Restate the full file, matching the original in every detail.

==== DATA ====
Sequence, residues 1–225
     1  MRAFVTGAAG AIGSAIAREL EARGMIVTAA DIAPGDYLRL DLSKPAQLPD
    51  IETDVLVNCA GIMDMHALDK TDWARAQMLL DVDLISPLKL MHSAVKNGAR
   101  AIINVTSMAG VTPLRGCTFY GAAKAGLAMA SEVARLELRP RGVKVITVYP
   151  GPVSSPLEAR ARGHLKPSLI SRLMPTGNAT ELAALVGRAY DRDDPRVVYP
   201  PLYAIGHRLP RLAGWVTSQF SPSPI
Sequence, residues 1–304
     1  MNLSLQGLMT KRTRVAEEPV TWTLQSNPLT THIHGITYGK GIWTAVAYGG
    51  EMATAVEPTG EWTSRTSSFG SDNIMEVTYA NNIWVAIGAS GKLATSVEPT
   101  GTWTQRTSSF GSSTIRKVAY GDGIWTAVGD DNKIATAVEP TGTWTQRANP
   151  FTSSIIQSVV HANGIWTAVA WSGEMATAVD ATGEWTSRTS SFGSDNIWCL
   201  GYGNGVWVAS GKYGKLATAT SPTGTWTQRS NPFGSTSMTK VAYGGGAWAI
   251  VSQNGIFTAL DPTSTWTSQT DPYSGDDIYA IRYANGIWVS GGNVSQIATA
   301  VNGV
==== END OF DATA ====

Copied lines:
Sequence, residues 1–225
     1  MRAFVTGAAG AIGSAIAREL EARGMIVTAA DIAPGDYLRL DLSKPAQLPD
    51  IETDVLVNCA GIMDMHALDK TDWARAQMLL DVDLISPLKL MHSAVKNGAR
   101  AIINVTSMAG VTPLRGCTFY GAAKAGLAMA SEVARLELRP RGVKVITVYP
   151  GPVSSPLEAR ARGHLKPSLI SRLMPTGNAT ELAALVGRAY DRDDPRVVYP
   201  PLYAIGHRLP RLAGWVTSQF SPSPI
Sequence, residues 1–304
     1  MNLSLQGLMT KRTRVAEEPV TWTLQSNPLT THIHGITYGK GIWTAVAYGG
    51  EMATAVEPTG EWTSRTSSFG SDNIMEVTYA NNIWVAIGAS GKLATSVEPT
   101  GTWTQRTSSF GSSTIRKVAY GDGIWTAVGD DNKIATAVEP TGTWTQRANP
   151  FTSSIIQSVV HANGIWTAVA WSGEMATAVD ATGEWTSRTS SFGSDNIWCL
   201  GYGNGVWVAS GKYGKLATAT SPTGTWTQRS NPFGSTSMTK VAYGGGAWAI
   251  VSQNGIFTAL DPTSTWTSQT DPYSGDDIYA IRYANGIWVS GGNVSQIATA
   301  VNGV